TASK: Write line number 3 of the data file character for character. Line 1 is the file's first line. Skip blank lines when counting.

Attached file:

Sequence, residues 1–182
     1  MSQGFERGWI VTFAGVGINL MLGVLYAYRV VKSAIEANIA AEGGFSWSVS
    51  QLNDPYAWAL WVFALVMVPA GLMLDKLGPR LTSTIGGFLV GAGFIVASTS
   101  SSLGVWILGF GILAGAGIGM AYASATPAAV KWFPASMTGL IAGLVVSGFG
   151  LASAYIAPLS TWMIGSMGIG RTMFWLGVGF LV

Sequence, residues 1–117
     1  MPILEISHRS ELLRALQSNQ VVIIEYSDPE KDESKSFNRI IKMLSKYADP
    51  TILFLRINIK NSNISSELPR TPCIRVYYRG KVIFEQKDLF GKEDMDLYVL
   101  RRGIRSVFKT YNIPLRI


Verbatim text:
    51  QLNDPYAWAL WVFALVMVPA GLMLDKLGPR LTSTIGGFLV GAGFIVASTS